BBC 6 minute English-The story behind coffee

BBC 6 minute English-The story behind coffee

BBC 6 minute English-The story behind coffee


Transcript of the podcast

NB: This is not a word-for-word transcript

Rob: Hello, I’m Rob. Welcome to 6 Minute English. With me today is Neil. Hello, Neil

Neil: Hello Rob

Rob: In this programme we’re going to be talking about coffee

Neil: Coffee? I’ve actually got one here in front of me, Rob

Rob: What kind of coffee are you drinking

Neil: It’s a skinny latte. What’s yours

Rob: I’ve gone for a flat white today. (Sound of sipping). Mmm. That tastes good

Neil: Looks good too! The market for the world’s most popular drink has come a long way since the days of instant coffee, when we just added boiling water to some brown powder

Rob: Yes, that’s very true, Neil. After that came the giants like Starbucks and Costa Coffee who made coffee drinking trendy and a lifestyle statement. People are far more aware of what they’re drinking these days

Neil: But Rob, I don’t think we should forget what lies behind the coffee we enjoy every day. It’s a hugely complicated business

Rob: Yes, it’s the second biggest commodity in the world, after oil. That means the price of coffee is changing every day, every hour even, as traders speculate about the price

Neil: It means farmers in countries like Ethiopia, Costa Rica and Brazil are dependent on the deals that are made in commodity markets thousands of miles from their farms. It makes them extremely vulnerable

Rob: Let’s listen to food journalist Sheila Dillon as she explains the impact of coffee markets on local growers. She uses an expression that means “has a big effect”. Can you tell me what it is


Sheila Dillon, Food Journalist

What happens in the coffee markets makes waves around the globe. Entire national economies depend on the price of coffee. It’s the key to whether individual farmers can provide for their families, face unemployment and ultimately whether whole communities stay on the land or trek to the cities

Neil: She said “makes waves”. This means have a big effect

Rob: She also used the expression “provide for” their families. This means the farmer’s family have enough income to live comfortably. Good. Right. So what about our quiz question today? Neil do you know many cups of coffee are drunk worldwide each year? Is it

a) 38 billion

b) 400 billion

c) 950 billion

Neil: Well, it’s going to be a huge number, of course. But I still think I’ll go for the lowest figure, which is 38 billion

Rob: Well, we’ll see if you got the right answer at the end of the programme

Neil: Now, the price of coffee has soared – that means gone up quickly – in recent years, Rob. Surely that’s good for everyone involved in the business? I believe the profit margins for coffee are among the highest in the world. I can’t see what all the fuss is about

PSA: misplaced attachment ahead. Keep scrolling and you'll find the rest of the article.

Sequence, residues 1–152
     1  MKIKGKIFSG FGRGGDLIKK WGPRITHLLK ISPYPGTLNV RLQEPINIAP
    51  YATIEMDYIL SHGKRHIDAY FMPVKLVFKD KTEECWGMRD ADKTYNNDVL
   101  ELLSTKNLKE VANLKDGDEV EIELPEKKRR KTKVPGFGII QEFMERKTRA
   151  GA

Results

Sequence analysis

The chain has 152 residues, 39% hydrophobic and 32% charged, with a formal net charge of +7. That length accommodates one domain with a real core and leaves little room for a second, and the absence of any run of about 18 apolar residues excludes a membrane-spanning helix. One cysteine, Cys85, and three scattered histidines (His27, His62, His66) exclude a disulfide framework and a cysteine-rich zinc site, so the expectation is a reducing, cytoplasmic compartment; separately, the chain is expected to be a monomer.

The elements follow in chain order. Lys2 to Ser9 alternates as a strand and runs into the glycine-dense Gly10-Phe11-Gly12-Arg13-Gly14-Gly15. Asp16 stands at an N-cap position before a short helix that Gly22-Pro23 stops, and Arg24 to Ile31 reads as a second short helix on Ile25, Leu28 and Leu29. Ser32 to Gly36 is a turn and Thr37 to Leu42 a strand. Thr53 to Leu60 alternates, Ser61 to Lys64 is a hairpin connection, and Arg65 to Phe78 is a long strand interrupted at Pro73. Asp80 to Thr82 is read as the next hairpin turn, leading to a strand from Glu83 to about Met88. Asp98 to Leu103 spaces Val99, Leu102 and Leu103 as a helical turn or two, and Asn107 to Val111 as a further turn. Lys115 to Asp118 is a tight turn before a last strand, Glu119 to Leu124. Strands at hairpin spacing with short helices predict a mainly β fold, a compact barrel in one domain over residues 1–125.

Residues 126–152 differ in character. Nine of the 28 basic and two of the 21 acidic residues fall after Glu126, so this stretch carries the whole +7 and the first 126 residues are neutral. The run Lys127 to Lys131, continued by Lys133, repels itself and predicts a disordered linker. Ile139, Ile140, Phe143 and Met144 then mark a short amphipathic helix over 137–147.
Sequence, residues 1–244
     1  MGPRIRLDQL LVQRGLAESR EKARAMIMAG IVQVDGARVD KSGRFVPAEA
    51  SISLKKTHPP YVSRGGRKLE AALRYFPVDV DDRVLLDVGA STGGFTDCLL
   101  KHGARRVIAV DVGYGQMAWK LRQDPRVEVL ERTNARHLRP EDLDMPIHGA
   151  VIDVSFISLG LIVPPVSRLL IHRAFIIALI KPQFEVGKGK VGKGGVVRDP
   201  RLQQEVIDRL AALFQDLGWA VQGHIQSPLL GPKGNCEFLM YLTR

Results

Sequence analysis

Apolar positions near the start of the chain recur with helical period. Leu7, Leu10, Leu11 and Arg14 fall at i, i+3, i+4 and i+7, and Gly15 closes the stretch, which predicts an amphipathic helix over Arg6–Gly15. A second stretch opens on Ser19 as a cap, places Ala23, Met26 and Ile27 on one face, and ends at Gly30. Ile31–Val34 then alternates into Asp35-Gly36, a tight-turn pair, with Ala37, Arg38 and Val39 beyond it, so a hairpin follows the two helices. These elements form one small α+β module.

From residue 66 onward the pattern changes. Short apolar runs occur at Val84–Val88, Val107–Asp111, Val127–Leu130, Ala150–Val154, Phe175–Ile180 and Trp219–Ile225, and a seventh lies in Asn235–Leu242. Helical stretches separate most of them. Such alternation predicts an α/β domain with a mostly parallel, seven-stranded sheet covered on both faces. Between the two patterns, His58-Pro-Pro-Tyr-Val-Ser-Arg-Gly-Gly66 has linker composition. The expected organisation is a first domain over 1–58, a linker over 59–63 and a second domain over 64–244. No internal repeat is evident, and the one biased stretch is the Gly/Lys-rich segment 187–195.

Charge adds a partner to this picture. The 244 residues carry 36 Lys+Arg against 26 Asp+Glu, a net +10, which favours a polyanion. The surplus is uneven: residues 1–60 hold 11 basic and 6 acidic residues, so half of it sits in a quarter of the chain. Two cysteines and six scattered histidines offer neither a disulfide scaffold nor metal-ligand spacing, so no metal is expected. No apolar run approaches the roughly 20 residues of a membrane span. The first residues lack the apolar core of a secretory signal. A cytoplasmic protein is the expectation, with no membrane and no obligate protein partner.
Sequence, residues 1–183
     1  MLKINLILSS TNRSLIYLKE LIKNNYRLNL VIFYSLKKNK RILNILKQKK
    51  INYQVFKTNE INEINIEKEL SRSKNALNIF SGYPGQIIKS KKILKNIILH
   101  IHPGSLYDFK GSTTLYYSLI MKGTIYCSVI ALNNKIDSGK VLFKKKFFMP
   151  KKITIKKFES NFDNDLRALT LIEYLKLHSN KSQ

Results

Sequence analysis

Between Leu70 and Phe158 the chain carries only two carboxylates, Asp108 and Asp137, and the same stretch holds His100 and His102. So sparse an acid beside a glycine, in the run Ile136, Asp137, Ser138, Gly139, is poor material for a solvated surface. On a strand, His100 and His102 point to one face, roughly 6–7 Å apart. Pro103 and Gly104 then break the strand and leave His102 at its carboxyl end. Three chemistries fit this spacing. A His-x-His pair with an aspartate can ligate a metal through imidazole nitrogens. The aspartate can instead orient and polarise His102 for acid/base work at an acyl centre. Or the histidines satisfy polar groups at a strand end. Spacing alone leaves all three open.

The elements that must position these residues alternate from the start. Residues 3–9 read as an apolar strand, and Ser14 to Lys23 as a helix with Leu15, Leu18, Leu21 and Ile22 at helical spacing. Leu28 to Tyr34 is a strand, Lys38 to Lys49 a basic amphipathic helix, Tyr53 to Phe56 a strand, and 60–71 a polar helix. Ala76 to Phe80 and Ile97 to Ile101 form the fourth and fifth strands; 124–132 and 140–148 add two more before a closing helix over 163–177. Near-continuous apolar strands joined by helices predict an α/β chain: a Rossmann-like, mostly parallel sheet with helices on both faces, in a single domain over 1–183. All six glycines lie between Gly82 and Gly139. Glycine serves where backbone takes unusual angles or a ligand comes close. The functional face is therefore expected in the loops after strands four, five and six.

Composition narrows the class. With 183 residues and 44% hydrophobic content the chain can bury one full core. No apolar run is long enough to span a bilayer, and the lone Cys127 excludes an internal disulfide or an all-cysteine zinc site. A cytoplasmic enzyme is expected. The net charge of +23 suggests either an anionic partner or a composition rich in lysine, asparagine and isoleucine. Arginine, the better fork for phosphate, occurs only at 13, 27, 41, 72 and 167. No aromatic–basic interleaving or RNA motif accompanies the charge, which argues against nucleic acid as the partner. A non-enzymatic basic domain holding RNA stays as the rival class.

Rob: Well, Neil, just because the price is high, it doesn’t mean that everyone benefits. It all depends on how the profits are distributed. You see there are countless transactions between the grower and the drinker. A grower can have a really good crop, but the amount he makes stays the same – or can even fall

Neil: Mmm, I see the problem. I expect most of the profits go to the commodity traders and very little to the individual growers of the bean. It sounds like the growers have no control. That’s what happens in other agricultural sectors

Rob: I’m afraid so. Of course, some people are trying to distribute the profits more widely and they have been having some success

Neil: Yes, I heard about some small-scale projects where the company takes charge of the whole process from field to shop

Rob: Yes, these organisations tend to farm organically. This is very labour intensive – that means a lot of people are employed – and it creates a lot of jobs for people within the local community. In this way they are not victims of market fluctuations. Let’s listen to Leo Virmani, who runs a small plantation like this in Costa Rica. What’s the verb he uses for putting the coffee in a box before selling it


Leo Virmani, Coffee producer

For our plantation, the approach we have is to go through every step of the way – every step of the process – so that we grow it, we pick it, and we process it in the mill. Then eventually we’ll roast it, we’ll package it, and we’ll sell it as the small plantation we are. And that would allow us to stay or be profitable at the end of the day

Neil: So, he used the verb “package”, which means “put a product in a packet or box before selling” it

Rob: And he said his community can stay “profitable” – this means they can always maintain profits – or make money

Neil: Well, it’s good to know that small growers can live reasonably comfortably despite what the world markets are doing. The next time I grab a takeaway coffee I’ll try to remember all the politics involved in the production process

Rob: Yes, me too. So, shall we have the answer to the quiz question now

Neil: Yes. You asked me how many cups of coffee are drunk worldwide each year – ۳۸ billion, 400 billion or 950 billion. And I guessed 38 billion

Rob: I’m afraid you’re wrong – the answer is actually 400 billion

Neil: That’s incredible

Rob: Yes, it is an extraordinary statistic. Well, we’re almost out of time. So, let’s remind ourselves of some of the words we’ve said today, Neil

Neil: commodity speculate fluctuations vulnerable makes waves provides for labour intensive package profitable

Rob: Well, that’s it for today. Do visit to find more 6 Minute English programmes. Until next time. Goodbye

Neil: Bye

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